Flutter Written by Jennie Wood
Art by Jeff McComsey 215 Ink
Release Date: February 15–March 15, 2013
Cover Price: $14.99
Due to hit the street sometime in late February or early March, the 110-page graphic novel Flutter takes the model of a super-powered being that we’re accustomed to in comic book lore, but immerses this conceptualization in an emotional journey of gender identity and sexual orientation. This graphic novel is certain to be a confronting, but enlightening read that you will not forget.
The preview copy we obtained is the first 25 pages of the graphic novel – and I can guarantee you that it sucks you right into the story immediately. The plot makes for compelling (and thought-provoking) reading as creators Jennie Wood and Jeff McComsey commence a journey that examines societal views on gender issues, with the remaining pages sure to be an important social commentary – as well as entertaining.
On a personal level, coming across this publication is a timely moment for me. I am acquainted with a very good friend who is on a transgender journey of their own. The first I learned of the journey from my friend, I found it challenging (not a negative reaction), but eye-opening. The turmoil within and courage of people on these journeys continue to astound me, and I find myself incredibly fortunate and blessed to be along with my friend for this ride. I have learned a great deal indeed. And I am very open about knowing that I have a lot more to learn.
However what I have also learned of is the very real fear felt by many on similar paths who are haunted with the possibility – AND the reality – of exclusion, or even hatred from others. It is a painful experience – even to regard from the outside looking in.
So some of the content investigated in Flutter is not only timely for me – but incredibly heart-wrenching and emotional for me. Wood and McComsey are touching on elements that countless individuals experience on a daily basis – and I notice the exploration in this initial preview to be exciting, incredibly relevant, and magnetic.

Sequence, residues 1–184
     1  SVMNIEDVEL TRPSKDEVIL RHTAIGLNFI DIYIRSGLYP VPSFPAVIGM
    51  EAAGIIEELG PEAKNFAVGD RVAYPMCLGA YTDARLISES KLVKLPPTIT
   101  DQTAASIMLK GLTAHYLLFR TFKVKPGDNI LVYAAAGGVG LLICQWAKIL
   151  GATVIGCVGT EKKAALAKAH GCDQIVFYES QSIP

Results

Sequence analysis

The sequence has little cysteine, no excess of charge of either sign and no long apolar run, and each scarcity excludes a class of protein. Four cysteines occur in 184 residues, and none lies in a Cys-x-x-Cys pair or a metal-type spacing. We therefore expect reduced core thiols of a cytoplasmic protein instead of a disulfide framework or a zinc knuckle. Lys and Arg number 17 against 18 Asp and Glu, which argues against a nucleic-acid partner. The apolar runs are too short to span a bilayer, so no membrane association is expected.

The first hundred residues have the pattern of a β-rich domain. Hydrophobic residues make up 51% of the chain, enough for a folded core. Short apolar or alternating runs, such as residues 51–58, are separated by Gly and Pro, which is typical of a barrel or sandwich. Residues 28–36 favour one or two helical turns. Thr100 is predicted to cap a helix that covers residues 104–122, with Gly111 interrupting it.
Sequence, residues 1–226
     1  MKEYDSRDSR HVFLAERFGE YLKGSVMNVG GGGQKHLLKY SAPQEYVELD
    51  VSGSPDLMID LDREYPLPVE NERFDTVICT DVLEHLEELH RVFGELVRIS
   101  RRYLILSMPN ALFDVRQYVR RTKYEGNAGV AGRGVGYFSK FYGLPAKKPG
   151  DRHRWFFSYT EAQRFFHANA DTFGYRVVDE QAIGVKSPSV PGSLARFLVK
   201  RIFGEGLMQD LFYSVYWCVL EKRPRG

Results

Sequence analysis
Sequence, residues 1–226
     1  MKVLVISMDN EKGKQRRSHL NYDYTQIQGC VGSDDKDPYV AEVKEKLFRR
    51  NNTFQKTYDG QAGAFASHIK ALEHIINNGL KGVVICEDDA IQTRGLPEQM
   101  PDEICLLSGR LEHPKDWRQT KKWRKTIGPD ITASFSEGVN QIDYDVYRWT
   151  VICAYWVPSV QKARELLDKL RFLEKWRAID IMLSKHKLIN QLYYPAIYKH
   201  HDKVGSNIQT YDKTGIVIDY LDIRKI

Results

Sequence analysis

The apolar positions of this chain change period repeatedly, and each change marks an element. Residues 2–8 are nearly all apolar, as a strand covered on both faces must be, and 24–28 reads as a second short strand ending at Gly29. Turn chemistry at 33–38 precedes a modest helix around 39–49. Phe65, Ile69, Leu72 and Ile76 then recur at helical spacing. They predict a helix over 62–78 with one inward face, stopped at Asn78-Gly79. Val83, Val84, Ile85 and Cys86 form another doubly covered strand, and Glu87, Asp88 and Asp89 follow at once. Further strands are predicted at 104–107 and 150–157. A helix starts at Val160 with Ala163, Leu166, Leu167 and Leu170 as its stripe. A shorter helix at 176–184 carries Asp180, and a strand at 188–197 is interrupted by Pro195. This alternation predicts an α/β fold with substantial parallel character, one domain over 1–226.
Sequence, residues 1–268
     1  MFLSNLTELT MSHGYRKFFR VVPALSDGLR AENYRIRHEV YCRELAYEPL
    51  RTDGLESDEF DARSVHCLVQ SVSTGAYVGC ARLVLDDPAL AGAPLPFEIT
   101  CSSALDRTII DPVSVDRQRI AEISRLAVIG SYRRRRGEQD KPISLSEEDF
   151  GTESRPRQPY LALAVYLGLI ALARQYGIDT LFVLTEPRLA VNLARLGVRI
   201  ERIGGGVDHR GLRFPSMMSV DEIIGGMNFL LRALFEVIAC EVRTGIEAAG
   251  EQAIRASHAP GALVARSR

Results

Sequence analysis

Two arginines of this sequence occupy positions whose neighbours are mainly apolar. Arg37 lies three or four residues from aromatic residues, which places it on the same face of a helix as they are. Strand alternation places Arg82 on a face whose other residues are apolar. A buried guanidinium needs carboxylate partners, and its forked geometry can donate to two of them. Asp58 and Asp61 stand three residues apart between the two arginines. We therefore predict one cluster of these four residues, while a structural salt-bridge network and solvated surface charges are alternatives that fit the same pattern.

Trust me, I’m sold. I got through the preview issue and am hungry for more. And I think you will be too.
The overall plot focuses on a young girl by the name of Lily, who is being protected by several adults with dubious and questionable motivations that remain unrevealed in the preview issue. Lily has some kind of superpower manifesting inside her, enabling incredibly strength and an impressive healing factor among others.
Following being moved around from town to town, with image and name changes, under some kind of alternative witness protection program (for lack of a better term), she comes across another girl called Saffron – and falls in love. Whilst searching for her own identity, Lily uses her powers to shapeshift into a boy to get the girl she is after… and that’s how the tale begins.
In the intervening time, she and her protectors are followed by shady looking agents, and the adults associated with her seem to also be involved in some kind of political campaign that is unashamedly anti-gay and anti-gay marriage – a factor that is sure to add further complications to the story.
For a preview issue, it’s hard to give a complete analysis or evaluation of the plot – but from what I’ve seen, the writing is fairly solid, and is successful in demanding your undivided attention. There are a few moments of confusion, where some dialogue-free frames produce silence on some scenes; but it could well be this is deliberately done for some further plot elements explored later in the book when it is finally released.
The art is of a good standard, though ink-outline heavy at times. Despite this, there is an element of innocence cast upon certain characters in specific scenes, while the questionable individuals seem to be enveloped or riveted with solid shapes (square glasses and rigid geometry). There seems to be a deliberate theme unfolding visually that may pay heavy dividends for the story as it progresses.
Where the writing and the art triumph however, is in combination. Both elements gel together magnificently in Flutter, and truly brings you into the world Wood and McComsey are creating here. There are several sobering moments that result from the comic, even in the preview, and combined with the fantastic realm of comic book powers, Flutter makes for a compelling reading experience.
I am very impressed with the preview issue (which you can also check out online), and am very much looking forward to the final publication. This is the kind of thematic exploration that is needed in contemporary graphic novels – and I think Jennie Wood and Jeff McComsey are capturing the essence of much-needed change in society with Flutter.
And this release could well prove to be the most important comic publication of the decade.